At least during this period, all of this proved to be very therapeutic. Again, this may seem counterintuitive, in particular as I was still a very new immigrant with no experience whatsoever with the Israeli medical system, National Insurance or bombings. (They covered a lot of very useful subjects at Ulpan Etzion, right down to "how to argue" and "how to complain". Unfortunately, we never got around to bombings). Here as well-the challenge did the trick. The process of proving to myself that I could handle this situation, blind or no and clueless new immigrant or no, allowed me to feel competent, confident and in control.

Item by item, question by question, I started to pull my life back together. Bombing or no, vision or no, I was not helpless. Things were going to get better. I was in charge now and I had decided: I was going to be okay.

It sounds really, really hokey, I know. But hey, it worked.

Monday, February 18, 2008

To Die in Jerusalem, Part I

Judith brought to my attention the movie To Die in Jerusalem, which contrasts the lives and deaths of two seventeen year-old girls: a suicide bomber and her victim. In particular, Judith was disturbed by the Director's Statement.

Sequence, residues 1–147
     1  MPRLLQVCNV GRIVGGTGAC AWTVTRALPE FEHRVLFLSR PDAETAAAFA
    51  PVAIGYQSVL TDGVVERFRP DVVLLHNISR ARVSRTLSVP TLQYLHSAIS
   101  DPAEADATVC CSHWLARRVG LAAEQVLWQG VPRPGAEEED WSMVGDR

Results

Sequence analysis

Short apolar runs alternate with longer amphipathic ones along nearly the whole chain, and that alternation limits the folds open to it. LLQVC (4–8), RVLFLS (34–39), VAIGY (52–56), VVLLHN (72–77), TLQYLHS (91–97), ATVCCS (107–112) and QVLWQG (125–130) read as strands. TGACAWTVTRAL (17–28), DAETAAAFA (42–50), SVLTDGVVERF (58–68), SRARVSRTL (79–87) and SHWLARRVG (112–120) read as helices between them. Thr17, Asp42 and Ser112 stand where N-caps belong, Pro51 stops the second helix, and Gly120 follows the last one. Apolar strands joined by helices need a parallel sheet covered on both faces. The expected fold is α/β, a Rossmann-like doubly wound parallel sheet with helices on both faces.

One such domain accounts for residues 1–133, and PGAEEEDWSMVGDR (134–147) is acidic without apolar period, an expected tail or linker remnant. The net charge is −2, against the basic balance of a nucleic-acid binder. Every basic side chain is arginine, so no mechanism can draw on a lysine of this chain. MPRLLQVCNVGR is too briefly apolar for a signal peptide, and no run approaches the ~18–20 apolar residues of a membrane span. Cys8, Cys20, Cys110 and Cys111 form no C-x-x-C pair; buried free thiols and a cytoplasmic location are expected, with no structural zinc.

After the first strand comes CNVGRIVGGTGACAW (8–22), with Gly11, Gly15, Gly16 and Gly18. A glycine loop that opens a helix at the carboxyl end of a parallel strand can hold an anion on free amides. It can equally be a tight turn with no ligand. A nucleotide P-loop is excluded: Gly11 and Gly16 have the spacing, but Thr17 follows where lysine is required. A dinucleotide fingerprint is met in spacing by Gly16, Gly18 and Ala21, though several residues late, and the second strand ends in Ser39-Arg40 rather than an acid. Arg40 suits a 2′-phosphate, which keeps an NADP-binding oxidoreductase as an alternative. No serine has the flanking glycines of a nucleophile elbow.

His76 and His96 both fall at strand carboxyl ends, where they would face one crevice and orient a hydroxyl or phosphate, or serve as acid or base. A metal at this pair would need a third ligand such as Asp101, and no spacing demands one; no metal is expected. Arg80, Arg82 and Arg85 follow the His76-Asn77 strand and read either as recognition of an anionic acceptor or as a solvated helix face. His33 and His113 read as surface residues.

I read the Statement as well, and decided that it was interesting enough to post it for all of my readers. You know, to see what you think.

With some minor amounts of commentary, of course.


While working on my master’s degree in film and television at Southern Illinois University, I read a newspaper article about a bombing in Jerusalem. Shortly thereafter, I saw an article in Newsweek about the event, with a close-up photograph of the two girls on the cover. I couldn’t stop looking at them! Here, at last, was my master's thesis! The more I read, the more I realized that this tragic story ironically represents everything I feel regarding the Israeli-Palestinian conflict. As I started to learn more about the girls, it struck me that in a different time and place, they might have been best friends or even sisters who were simply out shopping together. Yes, and to quote the immortal Dave Barry, if your aunt had testicles, she would be your uncle. Whatever! Faith, or fate, or a friendly neighborhood Al Aqsa Martyrs brigade operative brought each of them to the end of her life in such a tragic manner!